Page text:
The places of David Chipperfield

The geography travelled by the British architect includes the Devonshire countryside where he grew up, London, Japan, Germany and Italy, all foundamental places for his career.

Each of us is formed professionally and personally by a succession of environments that nurture us, turning into layers of experiences, friendships and places. The geography travelled by David Chipperfield has taken him on a rich and varied journey from a childhood in the Devonshire countryside, through the doors of the Architectural Association and the offices of Richard Rogers and Norman Foster as a young architect in London, to Japan, Germany and Italy (pivotal locations in his career), and also to Spain, his refuge from it all.

These are merely anchor points, bases for innumerable excursions that have all left their mark – Mexico City, Shanghai, Agra in India, Seoul, Iowa and beyond. Japan instilled an appreciation of simplicity and the elevation of what is normal – both elements became a leitmotiv for his practice. In Italy, he had the opportunity to think bigger, to work with stalwarts of the design industry and to oversee architecture’s most popular event, the Venice Architecture Biennale (2012). In Germany came his first big break (1997) with the Neues Museum, a project that has defined 20 years of practice.

Climate change and societal crises are enforcing new geographies. Through involvement in the Architects Declare movement and Fundación RIA – and now with Domus – Chipperfield is seeking practical ways to redress ills. “We still struggle to think how we might make any significant contribution to the crisis. Well, it is no longer on the horizon; it’s absolutely upon us,” he says. “Many architects, especially younger architects, are doing really interesting work and trying to find new ways of practice. My guest editorship at Domus is addressed to them.”

The West Country

David Chipperfield was born in London in 1953, but the West Country became his childhood home, first on the family farm in Devon and later at boarding school in Somerset. “Memories are unreliable; they’re exaggerated; we rewrite them. But I can remember very distinctly the physical places of my childhood,” says Chipperfield. He recalls the intense physicality of rural life growing up in a “Noah’s Ark” populated by cattle, pigs, chickens and crops, which gave him not the inclination to be an architect, but certainly a sensitivity to place. “You become very tuned to physical stuff. In the city, it always belongs to somebody else. In the country, it somehow belongs to you,” he says. “It sounds overly romantic and probably too sentimental, but growing up in Devon on a farm certainly impressed me and embedded in me the enjoyment of the tangible.”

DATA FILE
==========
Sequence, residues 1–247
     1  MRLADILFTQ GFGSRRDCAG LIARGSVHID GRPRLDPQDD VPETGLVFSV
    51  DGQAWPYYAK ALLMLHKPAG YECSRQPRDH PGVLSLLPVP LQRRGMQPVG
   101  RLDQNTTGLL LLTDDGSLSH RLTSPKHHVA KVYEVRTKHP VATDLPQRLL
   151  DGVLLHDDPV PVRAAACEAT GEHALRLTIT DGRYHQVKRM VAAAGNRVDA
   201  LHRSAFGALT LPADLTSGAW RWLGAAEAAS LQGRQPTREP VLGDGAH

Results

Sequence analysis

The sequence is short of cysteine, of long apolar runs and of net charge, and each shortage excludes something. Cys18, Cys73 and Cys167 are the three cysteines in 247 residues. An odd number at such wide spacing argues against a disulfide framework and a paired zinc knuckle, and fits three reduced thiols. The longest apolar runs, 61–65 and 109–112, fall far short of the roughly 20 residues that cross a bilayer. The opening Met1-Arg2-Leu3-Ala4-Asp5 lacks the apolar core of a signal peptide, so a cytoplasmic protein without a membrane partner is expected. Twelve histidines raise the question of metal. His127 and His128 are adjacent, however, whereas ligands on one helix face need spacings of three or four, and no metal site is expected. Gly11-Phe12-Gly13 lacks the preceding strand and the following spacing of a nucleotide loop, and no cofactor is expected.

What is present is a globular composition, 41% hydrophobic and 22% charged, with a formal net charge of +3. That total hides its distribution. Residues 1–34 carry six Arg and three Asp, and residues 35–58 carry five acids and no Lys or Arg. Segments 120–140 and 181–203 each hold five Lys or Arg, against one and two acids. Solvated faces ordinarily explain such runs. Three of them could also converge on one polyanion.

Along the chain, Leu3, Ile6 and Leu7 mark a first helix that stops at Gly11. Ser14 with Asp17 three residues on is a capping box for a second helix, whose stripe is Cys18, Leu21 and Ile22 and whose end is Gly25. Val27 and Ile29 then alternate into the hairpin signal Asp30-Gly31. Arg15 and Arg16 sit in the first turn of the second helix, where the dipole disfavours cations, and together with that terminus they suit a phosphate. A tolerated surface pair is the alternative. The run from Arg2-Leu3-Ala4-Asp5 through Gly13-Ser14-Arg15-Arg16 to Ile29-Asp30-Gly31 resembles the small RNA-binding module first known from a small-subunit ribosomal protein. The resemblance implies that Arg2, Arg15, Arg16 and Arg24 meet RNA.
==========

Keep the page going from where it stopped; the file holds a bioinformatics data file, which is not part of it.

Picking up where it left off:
It wasn’t until his teenage years at the Wellington School in Somerset that architecture began to emerge as a career path. “The reason I became an architect, I think, had to do with when I went to school,” he says. “I wasn’t particularly academic, but in a boarding school you have to become good at something, otherwise you get trampled on.” And so he dedicated his time to sports and art, spending weekends in the art room painting and drawing thanks to an encouraging teacher. “That was the accident of how I became an architect.”

David Chipperfield (from right) with the work group at the studio in London in 1986, one year after he had opened it.


Drawn away from the countryside to London, Chipperfield enrolled at the Kingston School of Art and then the Architectural Association School of Architecture, graduating in 1977. “I was always fascinated by London. Coming from the country, I was desperate to be part of something sophisticated,” he remembers. “You feel inferior coming from a rural environment, so I think I was dazzled – and I still am dazzled to some degree – by the chaos and the wonderful complexity of the unknown dimension of the city.” Emerging from architecture school, he took on stints in the offices of Richard Rogers, Norman Foster and Douglas Stephen before setting up his own practice in the capital in 1985. His first project, an interior,  came from the Japanese fashion designer Issey Miyake for a store on London’s Sloane Street. Subsequently, a series of projects in Japan led to an international outlook, but London has continued to be his home and the centre point of his professional life, with a new studio on The Strand arranged around a vast model workshop containing dozens of projects, from a theatre to apartments.

His British projects range far and wide in scale and use, from his first architectural commission – an extension to the 1950s home of the photographer Nick Knight (1990, plus another in 2001) – to a studio for the sculptor Antony Gormley (2003) and most recently the pair of brick-clad hexagonal Hoxton Press apartment towers on the Colville Estate (2018) in east London. While his practice is lauded for its striking cultural buildings – Neues Museum in Berlin (2009), the Jumex in Mexico City (2013) and Zhejiang Museum of Natural History in China (2018) – there are relatively few chances to experience them on quite the same scale in the UK. “All of these exercises are to do with working outside of England,” he notes of the course of his emotional geography. “We never really worked in England. We still don’t.” But there are of course The Hepworth Wakefield art museum (2011), the River & Rowing Museum in Oxfordshire (1997), the Turner Contemporary in Margate (2011) and a recent extension to the Royal Academy of Arts in London (2018).


Before any of these projects came a productive period in Japan. Chipperfield’s relationship with Issey Miyake led him there to design a suite of stores. He soon discovered that he was afforded architectural opportunities that “would have never happened in the UK.” A trio of mid-sized commissions kick-started his career in the early 1990s: Toyota Auto Kyoto, the Gotoh Museum in Chiba and the Matsumoto Corporation headquarters in Okayama.